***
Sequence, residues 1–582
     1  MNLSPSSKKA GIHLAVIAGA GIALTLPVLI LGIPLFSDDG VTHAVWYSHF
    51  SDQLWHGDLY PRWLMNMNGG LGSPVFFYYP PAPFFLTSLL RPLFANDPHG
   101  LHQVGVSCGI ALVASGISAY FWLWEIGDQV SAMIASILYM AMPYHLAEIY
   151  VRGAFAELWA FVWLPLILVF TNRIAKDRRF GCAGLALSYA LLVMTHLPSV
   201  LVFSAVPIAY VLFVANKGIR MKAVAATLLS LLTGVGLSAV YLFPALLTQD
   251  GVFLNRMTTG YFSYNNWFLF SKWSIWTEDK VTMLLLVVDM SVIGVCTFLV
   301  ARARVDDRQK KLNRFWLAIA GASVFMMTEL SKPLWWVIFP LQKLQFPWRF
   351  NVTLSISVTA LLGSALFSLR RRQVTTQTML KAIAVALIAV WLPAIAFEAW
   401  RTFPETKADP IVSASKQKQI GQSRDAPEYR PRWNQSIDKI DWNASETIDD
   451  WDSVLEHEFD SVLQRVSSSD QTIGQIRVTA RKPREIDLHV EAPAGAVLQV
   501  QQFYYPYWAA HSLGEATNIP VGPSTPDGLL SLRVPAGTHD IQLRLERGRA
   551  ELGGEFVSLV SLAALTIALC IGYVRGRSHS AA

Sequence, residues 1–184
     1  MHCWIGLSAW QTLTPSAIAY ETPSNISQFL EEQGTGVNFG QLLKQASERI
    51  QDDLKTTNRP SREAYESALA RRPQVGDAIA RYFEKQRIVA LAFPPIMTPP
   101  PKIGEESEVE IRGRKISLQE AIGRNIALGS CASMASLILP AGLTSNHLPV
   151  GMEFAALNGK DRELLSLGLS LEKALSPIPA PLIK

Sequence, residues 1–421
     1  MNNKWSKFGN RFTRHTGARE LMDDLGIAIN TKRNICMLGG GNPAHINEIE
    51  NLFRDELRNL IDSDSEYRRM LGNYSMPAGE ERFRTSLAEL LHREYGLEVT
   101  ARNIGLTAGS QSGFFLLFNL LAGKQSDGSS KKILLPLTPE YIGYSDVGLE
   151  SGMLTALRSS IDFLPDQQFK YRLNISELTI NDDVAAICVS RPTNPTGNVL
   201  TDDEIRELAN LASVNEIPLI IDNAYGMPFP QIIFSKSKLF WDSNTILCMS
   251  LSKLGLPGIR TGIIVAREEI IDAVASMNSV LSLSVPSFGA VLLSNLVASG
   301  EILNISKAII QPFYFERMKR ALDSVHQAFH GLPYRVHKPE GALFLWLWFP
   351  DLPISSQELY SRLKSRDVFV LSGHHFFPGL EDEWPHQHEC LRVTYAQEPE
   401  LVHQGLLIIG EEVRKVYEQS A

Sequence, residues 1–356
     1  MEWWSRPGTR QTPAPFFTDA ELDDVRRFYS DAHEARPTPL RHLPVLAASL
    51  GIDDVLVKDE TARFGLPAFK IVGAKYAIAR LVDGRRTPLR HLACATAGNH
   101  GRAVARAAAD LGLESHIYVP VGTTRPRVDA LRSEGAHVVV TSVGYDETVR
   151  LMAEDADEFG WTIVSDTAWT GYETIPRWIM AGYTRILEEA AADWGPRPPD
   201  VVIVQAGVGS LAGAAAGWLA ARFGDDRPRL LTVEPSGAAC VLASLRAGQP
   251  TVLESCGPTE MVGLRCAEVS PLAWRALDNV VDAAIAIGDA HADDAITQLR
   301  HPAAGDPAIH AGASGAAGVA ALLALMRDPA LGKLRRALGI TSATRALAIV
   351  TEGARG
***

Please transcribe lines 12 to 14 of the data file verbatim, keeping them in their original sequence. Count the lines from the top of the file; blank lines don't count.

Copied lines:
   501  QQFYYPYWAA HSLGEATNIP VGPSTPDGLL SLRVPAGTHD IQLRLERGRA
   551  ELGGEFVSLV SLAALTIALC IGYVRGRSHS AA

Sequence, residues 1–184